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‘Early Resolution’ Could Add Extra Complications

Editor's note: This article appears in the April 2021 issue of DS News, available here. 

Navigating the ever-changing landscape of the default industry during the pandemic has proven challenging to say the least, with each jurisdiction implementing its own unique requirements and procedures at a moment’s notice. This is certainly the case with Cook County’s Residential Eviction and Consumer Debt “Early Resolution Program,” or “ERP. 

The Cook County General Administrative Order 2020-09 that created the ERP was entered on December 14, 2020 and amended January 6, 2021. It applies to all Cook County eviction and consumer debt actions filed on or after March 27, 2020The ERP first requires that plaintiff mail Cook County’s prescribed “Notice of ERP” to all defendants for cases filed on or after March 27, 2020 through January 25, 2021. For any case filed after January 25, 2021, the plaintiff must serve the Notice of ERP with the summonsThe ERP Notice advises defendants of the existence of the program and provides contact information for free legal aid services. 

More importantly, under the ERP, the court sets an automatic, 30-day status date upon filing of the complaint and the case is scheduled on a separate “Case Management” court call, with all hearings heard remotely via the Zoom application. The case remains on the Case Management court call until the plaintiff obtains service of the summons and complaint. If a defendant appears in court, the defendant will be referred to legal aid services and the case is scheduled for a “Case Manager Meeting” with a “Resource Case Manager.” This is essentially a mediation session held via Zoom where settlement is encouraged. After the Case Manager Meeting, the case is scheduled for another date on the Case Management court call to report back to the presiding judge. We expect that this will be the first opportunity to ask for the case to be transferred to the traditional trial call where the plaintiff can seek entry of judgment, with the case remaining on the Case Management call for status if an agreement is reached during the Case Management Meeting. 

Unfortunately for the plaintiff, the ERP is going to create several added required court appearances and several months to case timelines in Cook County for numerous reasonsThe plaintiff is required to appear in court 30 days after the complaint filing, which means that court appearances, possibly multiple court appearances, are required before service is obtained. This was not the case prior to the ERP.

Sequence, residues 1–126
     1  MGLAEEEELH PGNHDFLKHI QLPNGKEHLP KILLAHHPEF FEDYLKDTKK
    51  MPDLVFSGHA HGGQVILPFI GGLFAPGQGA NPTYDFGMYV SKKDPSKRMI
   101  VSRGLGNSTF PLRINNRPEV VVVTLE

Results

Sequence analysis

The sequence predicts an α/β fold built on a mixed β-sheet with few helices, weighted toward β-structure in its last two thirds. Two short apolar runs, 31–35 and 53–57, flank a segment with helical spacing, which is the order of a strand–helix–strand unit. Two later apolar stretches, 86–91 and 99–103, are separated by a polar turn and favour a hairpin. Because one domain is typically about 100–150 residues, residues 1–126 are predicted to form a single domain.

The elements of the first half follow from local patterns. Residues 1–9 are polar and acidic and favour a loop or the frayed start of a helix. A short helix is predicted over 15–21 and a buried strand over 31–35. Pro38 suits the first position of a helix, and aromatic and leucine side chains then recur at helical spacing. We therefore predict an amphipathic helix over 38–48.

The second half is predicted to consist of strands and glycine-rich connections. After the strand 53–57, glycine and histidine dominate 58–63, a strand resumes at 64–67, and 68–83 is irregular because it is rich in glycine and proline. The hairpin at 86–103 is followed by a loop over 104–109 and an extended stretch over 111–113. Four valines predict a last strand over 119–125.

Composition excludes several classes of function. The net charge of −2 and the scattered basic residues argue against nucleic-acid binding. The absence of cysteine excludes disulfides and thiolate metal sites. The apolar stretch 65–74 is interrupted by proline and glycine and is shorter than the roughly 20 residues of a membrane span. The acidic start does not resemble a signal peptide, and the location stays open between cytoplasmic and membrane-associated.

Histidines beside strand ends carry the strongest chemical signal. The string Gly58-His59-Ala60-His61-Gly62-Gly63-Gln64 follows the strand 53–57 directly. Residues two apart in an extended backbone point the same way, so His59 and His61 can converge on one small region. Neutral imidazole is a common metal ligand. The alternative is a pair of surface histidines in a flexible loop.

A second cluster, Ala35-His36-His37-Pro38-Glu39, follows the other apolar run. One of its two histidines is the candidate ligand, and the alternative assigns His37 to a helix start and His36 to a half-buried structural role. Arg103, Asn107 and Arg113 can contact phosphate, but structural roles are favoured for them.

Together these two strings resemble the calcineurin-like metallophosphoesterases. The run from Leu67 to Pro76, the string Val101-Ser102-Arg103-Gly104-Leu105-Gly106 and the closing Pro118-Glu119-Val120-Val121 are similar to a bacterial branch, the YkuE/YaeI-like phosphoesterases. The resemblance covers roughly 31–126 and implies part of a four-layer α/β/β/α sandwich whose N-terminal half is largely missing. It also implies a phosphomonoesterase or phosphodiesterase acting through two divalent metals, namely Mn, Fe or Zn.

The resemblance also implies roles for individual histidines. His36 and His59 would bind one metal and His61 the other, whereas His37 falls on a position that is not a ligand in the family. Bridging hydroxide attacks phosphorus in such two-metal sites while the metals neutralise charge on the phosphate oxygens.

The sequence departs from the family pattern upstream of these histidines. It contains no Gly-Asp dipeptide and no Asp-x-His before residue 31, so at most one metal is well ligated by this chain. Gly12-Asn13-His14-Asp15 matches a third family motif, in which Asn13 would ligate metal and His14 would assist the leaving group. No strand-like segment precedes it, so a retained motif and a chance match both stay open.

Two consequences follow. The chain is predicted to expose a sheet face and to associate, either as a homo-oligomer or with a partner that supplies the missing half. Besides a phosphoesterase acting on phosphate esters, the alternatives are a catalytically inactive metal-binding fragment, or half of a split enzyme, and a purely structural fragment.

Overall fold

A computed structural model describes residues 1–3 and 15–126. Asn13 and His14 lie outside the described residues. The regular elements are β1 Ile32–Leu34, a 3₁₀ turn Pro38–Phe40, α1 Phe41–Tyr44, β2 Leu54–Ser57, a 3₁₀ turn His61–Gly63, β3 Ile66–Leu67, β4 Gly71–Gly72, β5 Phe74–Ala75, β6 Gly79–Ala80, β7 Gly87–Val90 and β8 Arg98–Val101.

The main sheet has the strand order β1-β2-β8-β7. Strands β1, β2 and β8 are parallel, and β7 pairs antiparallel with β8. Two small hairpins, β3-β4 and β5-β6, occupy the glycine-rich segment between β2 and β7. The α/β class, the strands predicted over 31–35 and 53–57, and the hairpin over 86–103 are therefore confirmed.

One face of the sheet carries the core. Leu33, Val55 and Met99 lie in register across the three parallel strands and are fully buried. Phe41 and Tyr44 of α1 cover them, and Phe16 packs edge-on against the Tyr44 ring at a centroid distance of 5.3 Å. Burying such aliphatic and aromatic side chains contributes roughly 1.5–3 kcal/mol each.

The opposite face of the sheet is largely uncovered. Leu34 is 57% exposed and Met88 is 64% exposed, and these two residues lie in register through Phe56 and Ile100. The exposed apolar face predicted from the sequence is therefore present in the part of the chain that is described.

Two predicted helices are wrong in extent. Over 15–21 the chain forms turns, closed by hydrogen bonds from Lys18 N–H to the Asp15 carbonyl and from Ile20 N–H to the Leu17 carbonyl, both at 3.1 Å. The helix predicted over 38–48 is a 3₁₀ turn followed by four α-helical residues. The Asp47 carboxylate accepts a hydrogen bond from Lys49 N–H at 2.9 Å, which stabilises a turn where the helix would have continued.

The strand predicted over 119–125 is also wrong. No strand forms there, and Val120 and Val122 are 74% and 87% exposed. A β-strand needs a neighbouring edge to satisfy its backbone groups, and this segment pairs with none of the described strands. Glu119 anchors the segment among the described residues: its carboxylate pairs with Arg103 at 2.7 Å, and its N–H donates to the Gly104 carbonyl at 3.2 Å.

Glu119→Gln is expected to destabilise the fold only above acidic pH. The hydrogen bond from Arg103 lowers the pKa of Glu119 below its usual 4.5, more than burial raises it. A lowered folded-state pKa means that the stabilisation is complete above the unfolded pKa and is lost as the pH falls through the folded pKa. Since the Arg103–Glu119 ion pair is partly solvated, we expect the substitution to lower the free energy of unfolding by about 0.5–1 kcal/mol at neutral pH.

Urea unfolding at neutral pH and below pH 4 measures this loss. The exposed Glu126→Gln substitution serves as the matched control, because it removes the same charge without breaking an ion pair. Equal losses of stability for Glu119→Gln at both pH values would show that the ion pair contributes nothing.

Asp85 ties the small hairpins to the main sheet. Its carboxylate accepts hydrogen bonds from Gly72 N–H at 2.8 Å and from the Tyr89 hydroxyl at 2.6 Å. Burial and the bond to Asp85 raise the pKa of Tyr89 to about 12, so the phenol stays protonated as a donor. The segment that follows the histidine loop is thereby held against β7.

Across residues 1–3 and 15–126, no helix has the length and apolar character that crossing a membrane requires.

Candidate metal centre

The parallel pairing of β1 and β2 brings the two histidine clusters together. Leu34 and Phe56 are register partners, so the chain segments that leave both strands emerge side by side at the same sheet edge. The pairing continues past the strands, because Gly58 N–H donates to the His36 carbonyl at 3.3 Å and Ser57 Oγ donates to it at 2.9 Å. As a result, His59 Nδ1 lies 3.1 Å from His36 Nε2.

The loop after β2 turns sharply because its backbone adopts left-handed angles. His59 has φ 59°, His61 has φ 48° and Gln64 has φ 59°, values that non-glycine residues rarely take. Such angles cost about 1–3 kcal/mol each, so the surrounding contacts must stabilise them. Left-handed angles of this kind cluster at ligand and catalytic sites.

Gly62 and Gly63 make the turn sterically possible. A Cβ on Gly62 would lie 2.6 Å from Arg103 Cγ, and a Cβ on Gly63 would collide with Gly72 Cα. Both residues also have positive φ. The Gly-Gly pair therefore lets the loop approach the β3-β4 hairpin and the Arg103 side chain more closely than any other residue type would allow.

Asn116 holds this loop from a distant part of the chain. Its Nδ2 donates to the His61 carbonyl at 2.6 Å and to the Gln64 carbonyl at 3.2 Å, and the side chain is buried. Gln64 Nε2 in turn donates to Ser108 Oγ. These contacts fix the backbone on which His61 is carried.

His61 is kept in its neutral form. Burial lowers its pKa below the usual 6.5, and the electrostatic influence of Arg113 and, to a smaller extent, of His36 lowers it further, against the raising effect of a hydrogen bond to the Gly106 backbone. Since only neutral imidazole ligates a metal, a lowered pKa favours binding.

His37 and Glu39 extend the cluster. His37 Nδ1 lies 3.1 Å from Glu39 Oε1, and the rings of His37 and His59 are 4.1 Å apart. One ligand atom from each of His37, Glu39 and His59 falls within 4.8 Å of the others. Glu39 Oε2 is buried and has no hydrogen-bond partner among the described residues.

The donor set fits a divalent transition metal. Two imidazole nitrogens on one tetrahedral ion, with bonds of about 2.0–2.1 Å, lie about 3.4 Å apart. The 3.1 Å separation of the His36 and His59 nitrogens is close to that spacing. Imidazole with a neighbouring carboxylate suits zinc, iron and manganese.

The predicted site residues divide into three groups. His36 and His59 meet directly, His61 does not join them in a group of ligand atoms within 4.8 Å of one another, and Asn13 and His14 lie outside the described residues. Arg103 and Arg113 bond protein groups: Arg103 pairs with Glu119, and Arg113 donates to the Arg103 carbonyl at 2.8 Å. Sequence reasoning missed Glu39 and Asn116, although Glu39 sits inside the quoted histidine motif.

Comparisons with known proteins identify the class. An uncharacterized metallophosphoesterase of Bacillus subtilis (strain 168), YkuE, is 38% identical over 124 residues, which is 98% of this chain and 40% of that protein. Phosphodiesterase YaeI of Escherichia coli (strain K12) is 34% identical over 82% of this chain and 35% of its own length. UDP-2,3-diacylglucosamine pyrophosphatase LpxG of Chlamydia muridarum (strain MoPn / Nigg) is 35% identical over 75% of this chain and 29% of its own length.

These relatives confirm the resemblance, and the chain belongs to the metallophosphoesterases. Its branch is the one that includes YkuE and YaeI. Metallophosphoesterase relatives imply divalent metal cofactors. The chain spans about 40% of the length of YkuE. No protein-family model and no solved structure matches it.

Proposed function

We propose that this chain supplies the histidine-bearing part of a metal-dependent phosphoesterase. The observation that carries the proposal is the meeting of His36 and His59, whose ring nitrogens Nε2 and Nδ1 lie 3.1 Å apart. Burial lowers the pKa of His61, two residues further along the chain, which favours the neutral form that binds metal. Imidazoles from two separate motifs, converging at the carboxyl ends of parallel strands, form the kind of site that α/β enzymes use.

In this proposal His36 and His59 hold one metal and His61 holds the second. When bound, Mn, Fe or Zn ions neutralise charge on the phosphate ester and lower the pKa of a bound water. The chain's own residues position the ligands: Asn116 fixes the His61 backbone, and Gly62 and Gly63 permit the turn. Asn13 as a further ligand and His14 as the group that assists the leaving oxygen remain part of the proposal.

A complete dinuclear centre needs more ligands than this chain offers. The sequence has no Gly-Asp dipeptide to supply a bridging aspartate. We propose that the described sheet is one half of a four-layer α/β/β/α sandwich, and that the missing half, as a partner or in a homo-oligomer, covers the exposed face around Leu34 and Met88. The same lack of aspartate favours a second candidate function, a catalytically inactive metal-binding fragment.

Where a defendant appears in court, the added time and cost is greatly increased. Legal aid is being made available to defendants that otherwise would not have legal representation. The Case Management court call and Case Assessment add at least three required attorney appearances and, at the very least, one month of time before the plaintiff can even seek entry of judgment. Even where no defendant initially appears, the plaintiff is still looking at the added court appearances prior to service and the risk that the case is referred back to the Case Management court call if a defendant appears at any point during the case.  

The ERP is too new to tell for certain exactly how much time and cost will be added to Cook County residential eviction and consumer debt actions and what other unanticipated effects it may cause. However, just like any new judicial program that is implemented, firms should build out a process to ensure they stay in compliance and save as much time as possible. Any party subject to Cook County’s new process needs to consider these new requirements when planning to navigate the already challenging landscape of residential eviction and consumer debt during the pandemic. 

About Author: Benjamin Burstein

Benjamin Burstein is a Partner with McCalla Raymer Leibert Pierce, LLC. Burstein manages the Eviction and REO Closing departments in the state of Illinois. Burstein has worked in the mortgage default industry since 2009, practicing foreclosure, eviction, and real estate. Burstein was admitted to the State Bars of New York and New Jersey in 2018 to practice with the firm’s offices in New York and New Jersey. He is well versed in all Federal, State, and local requirements that govern how to navigate occupancy and asset preservation during and post foreclosure in the states of his practice. 
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